Lookahead and Lookbehind Zero-Width Assertions

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Perl 5 introduced two very powerful constructs: "lookahead" and "lookbehind". Collectively, these are called "lookaround". They are also called "zero-width assertions". They are zero-width just like the start and end of line, and start and end of word anchors that I already explained. The difference is that lookarounds will actually match characters, but then give up the match and only return the result: match or no match. That is why they are called "assertions". They do not consume characters in the string, but only assert whether a match is possible or not. Lookarounds allow you to create regular expressions that are impossible to create without them, or that would get very longwinded without them.

Positive and Negative Lookahead

Negative lookahead is indispensable if you want to match something not followed by something else. When explaining character classes, I already explained why you cannot use a negated character class to match a "q" not followed by a "u". Negative lookahead provides the solution: q(?!u). The negative lookahead construct is the pair of round brackets, with the opening bracket followed by a question mark and an exclamation point. Inside the lookahead, we have the trivial regex u.

Positive lookahead works just the same. q(?=u) matches a q that is followed by a u, without making the u part of the match. The positive lookahead construct is a pair of round brackets, with the opening bracket followed by a question mark and an equals sign.

You can use any regular expression inside the lookahead. (Note that this is not the case with lookbehind. I will explain why below.) Any valid regular expression can be used inside the lookahead. If it contains capturing parentheses, the backreferences will be saved. Note that the lookahead itself does not create a backreference. So it is not included in the count towards numbering the backreferences. If you want to store the match of the regex inside a backreference, you have to put capturing parentheses around the regex inside the lookahead, like this: (?=(regex)). The other way around will not work, because the lookahead will already have discarded the regex match by the time the backreference is to be saved.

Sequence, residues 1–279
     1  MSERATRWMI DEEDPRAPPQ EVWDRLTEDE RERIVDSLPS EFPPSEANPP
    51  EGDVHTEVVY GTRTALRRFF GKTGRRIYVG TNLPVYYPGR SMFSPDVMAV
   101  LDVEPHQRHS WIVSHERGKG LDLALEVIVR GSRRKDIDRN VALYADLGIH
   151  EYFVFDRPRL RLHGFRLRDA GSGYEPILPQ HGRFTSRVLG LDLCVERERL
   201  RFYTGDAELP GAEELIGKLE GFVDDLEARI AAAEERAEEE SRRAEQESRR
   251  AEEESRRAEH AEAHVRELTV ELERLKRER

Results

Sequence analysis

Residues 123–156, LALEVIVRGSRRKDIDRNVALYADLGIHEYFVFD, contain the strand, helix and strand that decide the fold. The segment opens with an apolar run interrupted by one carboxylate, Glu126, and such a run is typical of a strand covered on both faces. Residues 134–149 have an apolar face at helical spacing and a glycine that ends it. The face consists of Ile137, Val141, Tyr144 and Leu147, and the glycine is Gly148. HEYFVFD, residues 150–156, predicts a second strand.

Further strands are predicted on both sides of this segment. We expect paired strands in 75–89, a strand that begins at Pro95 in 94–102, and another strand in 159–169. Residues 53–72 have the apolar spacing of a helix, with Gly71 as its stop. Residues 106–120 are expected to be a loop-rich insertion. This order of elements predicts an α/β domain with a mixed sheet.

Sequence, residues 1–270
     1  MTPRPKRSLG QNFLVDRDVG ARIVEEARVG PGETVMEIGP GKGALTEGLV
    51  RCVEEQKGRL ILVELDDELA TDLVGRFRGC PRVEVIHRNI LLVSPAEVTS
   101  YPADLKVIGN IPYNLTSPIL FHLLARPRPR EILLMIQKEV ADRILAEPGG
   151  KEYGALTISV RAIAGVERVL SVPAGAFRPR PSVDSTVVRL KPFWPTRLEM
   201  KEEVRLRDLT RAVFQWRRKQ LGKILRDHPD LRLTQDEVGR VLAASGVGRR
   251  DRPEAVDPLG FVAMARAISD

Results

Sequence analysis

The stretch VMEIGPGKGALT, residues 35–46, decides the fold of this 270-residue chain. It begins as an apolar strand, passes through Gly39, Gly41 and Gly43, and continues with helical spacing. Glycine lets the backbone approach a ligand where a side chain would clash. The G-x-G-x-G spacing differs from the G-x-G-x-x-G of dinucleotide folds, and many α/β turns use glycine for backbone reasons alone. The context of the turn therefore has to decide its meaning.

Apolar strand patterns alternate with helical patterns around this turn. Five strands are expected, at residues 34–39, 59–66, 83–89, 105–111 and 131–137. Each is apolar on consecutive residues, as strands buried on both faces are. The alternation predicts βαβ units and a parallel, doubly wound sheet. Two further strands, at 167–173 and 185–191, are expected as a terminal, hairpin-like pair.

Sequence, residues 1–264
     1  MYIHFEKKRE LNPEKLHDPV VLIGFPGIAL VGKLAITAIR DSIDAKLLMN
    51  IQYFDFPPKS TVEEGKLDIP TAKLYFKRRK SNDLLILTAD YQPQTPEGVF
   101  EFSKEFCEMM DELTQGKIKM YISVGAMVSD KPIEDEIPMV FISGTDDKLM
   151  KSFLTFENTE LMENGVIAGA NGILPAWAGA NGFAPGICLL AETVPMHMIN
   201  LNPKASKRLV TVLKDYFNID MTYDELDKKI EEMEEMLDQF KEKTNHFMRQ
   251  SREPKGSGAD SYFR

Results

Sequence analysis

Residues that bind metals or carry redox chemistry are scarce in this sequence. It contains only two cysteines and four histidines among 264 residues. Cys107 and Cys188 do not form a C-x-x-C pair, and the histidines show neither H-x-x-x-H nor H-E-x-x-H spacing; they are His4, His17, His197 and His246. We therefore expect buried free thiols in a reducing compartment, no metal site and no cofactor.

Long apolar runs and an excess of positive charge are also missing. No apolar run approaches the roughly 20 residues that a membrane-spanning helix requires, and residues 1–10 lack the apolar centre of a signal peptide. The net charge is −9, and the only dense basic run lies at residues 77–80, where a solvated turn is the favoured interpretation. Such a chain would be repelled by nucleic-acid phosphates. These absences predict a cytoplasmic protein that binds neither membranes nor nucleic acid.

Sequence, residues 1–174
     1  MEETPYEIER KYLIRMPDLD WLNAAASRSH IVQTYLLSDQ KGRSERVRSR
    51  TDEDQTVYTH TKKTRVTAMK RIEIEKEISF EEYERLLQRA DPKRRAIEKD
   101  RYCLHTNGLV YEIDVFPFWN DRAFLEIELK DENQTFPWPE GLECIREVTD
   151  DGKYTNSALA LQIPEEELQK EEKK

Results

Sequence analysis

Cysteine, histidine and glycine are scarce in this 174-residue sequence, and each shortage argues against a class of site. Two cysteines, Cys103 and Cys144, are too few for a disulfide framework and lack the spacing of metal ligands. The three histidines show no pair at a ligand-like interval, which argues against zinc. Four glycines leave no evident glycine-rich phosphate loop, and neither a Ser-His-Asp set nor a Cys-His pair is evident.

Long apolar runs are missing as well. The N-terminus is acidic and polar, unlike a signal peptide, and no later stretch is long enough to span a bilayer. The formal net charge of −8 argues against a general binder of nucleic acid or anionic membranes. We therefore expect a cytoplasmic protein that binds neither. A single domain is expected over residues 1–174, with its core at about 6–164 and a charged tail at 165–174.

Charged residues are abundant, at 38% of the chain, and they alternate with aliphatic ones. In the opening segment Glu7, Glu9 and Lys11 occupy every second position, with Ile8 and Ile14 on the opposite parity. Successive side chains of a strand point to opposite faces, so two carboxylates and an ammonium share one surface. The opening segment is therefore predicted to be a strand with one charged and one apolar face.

Regex Engine Internals

First, let's see how the engine applies q(?!u) to the string Iraq. The first token in the regex is the literal q. As we already know, this will cause the engine to traverse the string until the q in the string is matched. The position in the string is now the void behind the string. The next token is the lookahead. The engine takes note that it is inside a lookahead construct now, and begins matching the regex inside the lookahead. So the next token is u. This does not match the void behind the string. The engine notes that the regex inside the lookahead failed. Because the lookahead is negative, this means that the lookahead has successfully matched at the current position. At this point, the entire regex has matched, and q is returned as the match.

Let's try applying the same regex to quit. q matches q. The next token is the u inside the lookahead. The next character is the u. These match. The engine advances to the next character: i. However, it is done with the regex inside the lookahead. The engine notes success, and discards the regex match. This causes the engine to step back in the string to u.

Because the lookahead is negative, the successful match inside it causes the lookahead to fail. Since there are no other permutations of this regex, the engine has to start again at the beginning. Since q cannot match anywhere else, the engine reports failure.

Let's take one more look inside, to make sure you understand the implications of the lookahead. Let's apply q(?=u)i to quit. I have made the lookahead positive, and put a token after it. Again, q matches q and u matches u. Again, the match from the lookahead must be discarded, so the engine steps back from i in the string to u. The lookahead was successful, so the engine continues with i. But i cannot match u. So this match attempt fails. All remaining attempts will fail as well, because there are no more q's in the string.

Positive and Negative Lookbehind

Lookbehind has the same effect, but works backwards. It tells the regex engine to temporarily step backwards in the string, to check if the text inside the lookbehind can be matched there. (?<!a)b matches a "b" that is not preceded by an "a", using negative lookbehind. It will not match cab, but will match the b (and only the b) in bed or debt. (?<=a)b (positive lookbehind) matches the b (and only the b) in cab, but does not match bed or debt.

The construct for positive lookbehind is (?<=text): a pair of round brackets, with the opening bracket followed by a question mark, "less than" symbol and an equals sign. Negative lookbehind is written as (?<!text), using an exclamation point instead of an equals sign.

More Regex Engine Internals

Let's apply (?<=a)b to thingamabob. The engine starts with the lookbehind and the first character in the string. In this case, the lookbehind tells the engine to step back one character, and see if an "a" can be matched there. The engine cannot step back one character because there are no characters before the t. So the lookbehind fails, and the engine starts again at the next character, the h. (Note that a negative lookbehind would have succeeded here.) Again, the engine temporarily steps back one character to check if an "a" can be found there. It finds a t, so the positive lookbehind fails again.